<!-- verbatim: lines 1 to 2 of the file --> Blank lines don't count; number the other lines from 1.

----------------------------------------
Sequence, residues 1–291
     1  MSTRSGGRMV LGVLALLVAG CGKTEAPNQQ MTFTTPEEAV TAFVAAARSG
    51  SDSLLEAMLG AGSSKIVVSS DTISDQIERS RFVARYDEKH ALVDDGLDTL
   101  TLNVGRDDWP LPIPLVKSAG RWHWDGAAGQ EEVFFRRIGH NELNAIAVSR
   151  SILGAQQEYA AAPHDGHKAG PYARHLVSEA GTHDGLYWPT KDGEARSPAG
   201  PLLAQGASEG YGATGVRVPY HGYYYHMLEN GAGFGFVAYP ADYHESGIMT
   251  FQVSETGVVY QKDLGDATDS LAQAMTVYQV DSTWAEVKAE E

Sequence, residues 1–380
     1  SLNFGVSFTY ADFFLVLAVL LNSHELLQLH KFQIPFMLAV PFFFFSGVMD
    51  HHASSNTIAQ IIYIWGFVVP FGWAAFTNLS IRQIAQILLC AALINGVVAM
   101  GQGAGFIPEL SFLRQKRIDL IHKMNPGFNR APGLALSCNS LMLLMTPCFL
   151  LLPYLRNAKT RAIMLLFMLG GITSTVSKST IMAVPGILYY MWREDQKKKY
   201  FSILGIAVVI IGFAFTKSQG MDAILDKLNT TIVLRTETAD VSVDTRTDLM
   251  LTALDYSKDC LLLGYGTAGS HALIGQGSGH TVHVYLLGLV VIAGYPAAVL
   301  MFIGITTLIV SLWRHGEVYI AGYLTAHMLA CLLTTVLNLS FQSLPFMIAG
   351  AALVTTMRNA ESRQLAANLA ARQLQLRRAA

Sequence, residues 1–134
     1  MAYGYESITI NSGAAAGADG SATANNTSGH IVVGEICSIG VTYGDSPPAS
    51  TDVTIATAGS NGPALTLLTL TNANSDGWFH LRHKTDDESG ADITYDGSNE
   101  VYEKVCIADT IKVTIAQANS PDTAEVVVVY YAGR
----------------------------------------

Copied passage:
Sequence, residues 1–291
     1  MSTRSGGRMV LGVLALLVAG CGKTEAPNQQ MTFTTPEEAV TAFVAAARSG